Where do you think the U.S. ranks in terms of maternal and childhood care in the world? If you said number one, you would be wrong. By 30 spots actually. The Save the Children foundation released its 14th annual State of the World's Mothers Report and that global distinction goes to Finland, where mothers have greater overall health, education, and economic and political status.
The report ranks 176 countries in terms of maternal and infant health. This year, the U.S. lost five spots from last year’s 25th-place ranking. Still, we are lucky compared to so many other mothers across the world.
The reality is that, while globally, the number of children dying has declined by more than half, we still have a long, long way to go before newborn infants aren't at risk for dying from preventable illnesses and mothers aren't in danger just because they have given birth. The report highlights so much progress and also so many places we still have to go. See below:
Global Maternal Health by the Numbers:
• 1: The day that is the most dangerous for women and newborns. Children have the greatest risk of dying on the day they are born.
• 7: Number of countries that score in the bottom 10 BOTH in maternal health outcomes and newborn health. These include: Central African Republic, Chad, Cote d’Ivoire, Democratic Republic of the Congo, Mali, Sierra Leone, and Somalia; they score in the bottom 10 on both indices.
• 40: Percent more likely a poor newborn will die than a wealthier one, even in countries that score lower overall.
• 60: The percent of infant deaths that happen in the first six months.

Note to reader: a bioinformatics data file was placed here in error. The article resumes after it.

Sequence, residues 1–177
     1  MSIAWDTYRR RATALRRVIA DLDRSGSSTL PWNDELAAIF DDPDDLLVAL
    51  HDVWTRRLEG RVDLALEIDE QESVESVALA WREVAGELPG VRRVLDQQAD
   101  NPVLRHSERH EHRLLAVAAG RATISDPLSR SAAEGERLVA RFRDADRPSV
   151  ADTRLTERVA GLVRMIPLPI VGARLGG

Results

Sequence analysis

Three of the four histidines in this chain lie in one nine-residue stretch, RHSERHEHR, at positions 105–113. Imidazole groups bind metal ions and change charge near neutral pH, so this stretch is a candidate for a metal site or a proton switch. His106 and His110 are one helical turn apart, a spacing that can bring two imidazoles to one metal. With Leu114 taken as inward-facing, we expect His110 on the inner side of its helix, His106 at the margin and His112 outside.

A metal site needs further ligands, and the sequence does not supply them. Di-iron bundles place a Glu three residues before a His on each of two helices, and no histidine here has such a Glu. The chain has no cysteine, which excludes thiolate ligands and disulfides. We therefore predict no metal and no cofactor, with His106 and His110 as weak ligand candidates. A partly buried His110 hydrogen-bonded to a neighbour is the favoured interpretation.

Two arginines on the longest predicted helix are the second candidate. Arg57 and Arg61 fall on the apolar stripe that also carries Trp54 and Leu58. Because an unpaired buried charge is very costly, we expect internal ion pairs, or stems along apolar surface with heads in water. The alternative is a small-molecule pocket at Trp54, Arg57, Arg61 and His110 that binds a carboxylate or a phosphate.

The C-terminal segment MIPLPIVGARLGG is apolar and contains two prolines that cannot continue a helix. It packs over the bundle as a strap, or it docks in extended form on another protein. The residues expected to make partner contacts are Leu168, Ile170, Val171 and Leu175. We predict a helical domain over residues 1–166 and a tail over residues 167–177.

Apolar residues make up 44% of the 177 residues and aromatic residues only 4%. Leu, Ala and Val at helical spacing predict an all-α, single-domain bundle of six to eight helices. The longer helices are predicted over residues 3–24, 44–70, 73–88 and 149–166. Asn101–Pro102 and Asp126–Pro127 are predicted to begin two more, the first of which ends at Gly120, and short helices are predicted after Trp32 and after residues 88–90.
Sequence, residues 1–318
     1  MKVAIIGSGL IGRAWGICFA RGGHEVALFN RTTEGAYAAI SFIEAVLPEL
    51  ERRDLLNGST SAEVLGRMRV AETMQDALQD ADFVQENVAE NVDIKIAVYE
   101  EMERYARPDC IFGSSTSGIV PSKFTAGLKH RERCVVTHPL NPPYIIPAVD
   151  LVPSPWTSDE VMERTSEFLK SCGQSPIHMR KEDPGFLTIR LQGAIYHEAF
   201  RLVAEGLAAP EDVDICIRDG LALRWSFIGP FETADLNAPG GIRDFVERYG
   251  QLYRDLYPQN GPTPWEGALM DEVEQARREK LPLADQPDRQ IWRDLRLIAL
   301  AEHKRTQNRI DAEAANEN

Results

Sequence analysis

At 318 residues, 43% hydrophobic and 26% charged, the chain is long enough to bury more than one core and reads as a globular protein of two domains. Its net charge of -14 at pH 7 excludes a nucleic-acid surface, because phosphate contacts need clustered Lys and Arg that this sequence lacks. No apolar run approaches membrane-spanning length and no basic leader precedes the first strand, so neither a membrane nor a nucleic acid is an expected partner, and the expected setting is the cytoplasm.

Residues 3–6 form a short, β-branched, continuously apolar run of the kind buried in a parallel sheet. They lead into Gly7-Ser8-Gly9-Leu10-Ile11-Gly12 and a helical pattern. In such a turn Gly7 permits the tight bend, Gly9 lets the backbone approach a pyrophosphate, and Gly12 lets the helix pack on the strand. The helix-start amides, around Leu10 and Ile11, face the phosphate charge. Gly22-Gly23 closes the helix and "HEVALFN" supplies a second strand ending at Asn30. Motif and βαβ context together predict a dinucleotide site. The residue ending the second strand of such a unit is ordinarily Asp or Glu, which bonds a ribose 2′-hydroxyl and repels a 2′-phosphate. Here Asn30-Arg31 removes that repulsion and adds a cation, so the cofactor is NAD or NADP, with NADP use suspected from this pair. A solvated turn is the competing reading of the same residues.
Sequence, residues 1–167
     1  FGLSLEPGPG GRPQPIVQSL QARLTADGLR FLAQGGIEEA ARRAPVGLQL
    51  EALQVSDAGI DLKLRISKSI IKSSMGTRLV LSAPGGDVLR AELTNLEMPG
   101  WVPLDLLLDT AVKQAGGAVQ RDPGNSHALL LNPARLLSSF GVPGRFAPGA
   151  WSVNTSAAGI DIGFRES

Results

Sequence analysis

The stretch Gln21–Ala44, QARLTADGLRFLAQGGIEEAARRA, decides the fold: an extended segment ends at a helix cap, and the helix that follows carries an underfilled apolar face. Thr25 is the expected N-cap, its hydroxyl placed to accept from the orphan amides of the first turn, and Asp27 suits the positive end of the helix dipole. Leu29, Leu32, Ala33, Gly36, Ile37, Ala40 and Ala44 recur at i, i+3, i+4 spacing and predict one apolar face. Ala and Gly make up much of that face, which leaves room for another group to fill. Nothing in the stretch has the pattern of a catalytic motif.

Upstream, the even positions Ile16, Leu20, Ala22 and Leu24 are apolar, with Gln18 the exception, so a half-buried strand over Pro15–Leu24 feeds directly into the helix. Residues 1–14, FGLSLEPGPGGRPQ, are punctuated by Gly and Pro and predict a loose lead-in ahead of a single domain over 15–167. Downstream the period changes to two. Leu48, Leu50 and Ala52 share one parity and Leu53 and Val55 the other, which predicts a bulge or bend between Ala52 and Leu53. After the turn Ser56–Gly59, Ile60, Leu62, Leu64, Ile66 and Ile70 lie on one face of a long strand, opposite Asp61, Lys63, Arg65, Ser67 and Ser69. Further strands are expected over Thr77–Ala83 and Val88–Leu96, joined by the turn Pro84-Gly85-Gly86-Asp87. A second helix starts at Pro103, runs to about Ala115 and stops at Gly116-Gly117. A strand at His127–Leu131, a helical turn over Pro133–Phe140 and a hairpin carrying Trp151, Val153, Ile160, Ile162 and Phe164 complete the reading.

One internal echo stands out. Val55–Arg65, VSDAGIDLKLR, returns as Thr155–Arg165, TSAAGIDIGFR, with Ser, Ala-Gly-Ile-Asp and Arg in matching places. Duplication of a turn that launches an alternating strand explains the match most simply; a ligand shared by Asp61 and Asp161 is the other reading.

• 75: The percent of newborn deaths that could be prevented with simple, preventative care.
• 98-99: Percent of newborn deaths that occur in developing countries where pregnant women and newborn babies lack access to basic health care services.
• 176: Number of countries indexed by Save the Children in their State of the World Mothers report.
• 800: The number of women who die every day in childbirth worldwide.
• 360,000: Number of newborns in India who would be saved if poorer children experienced the same survival rates as newborns from the richest Indian families.
• 423,000: Number of babies who die in South East Asia every year.
• 3 million: Number of newborn babies who die every year, almost 3/4 of which are from preventable diseases.
• 40 million: The number of women who give birth every year worldwide without the assistance of a trained professional.
As Melinda Gates says in the report:
Any report on the state of the world’s mothers is by definition a report on the state of the world, full stop. Women and girls -- in many roles, including their role as mothers -- drive improvements in the human condition. When we invest in them, we invest in a powerful source of global development.
Mothers matter. We know this. It's very easy to ignore global poverty until it stares you in the face, stark as day. Those of us who take our health for granted and who expect the most from our healthcare system ought to be the most outraged. We have come so very far thanks to organizations like STC, but we still have so much more ground to cover.
Do these numbers surprise you?
Image via Sasha Brown-Worsham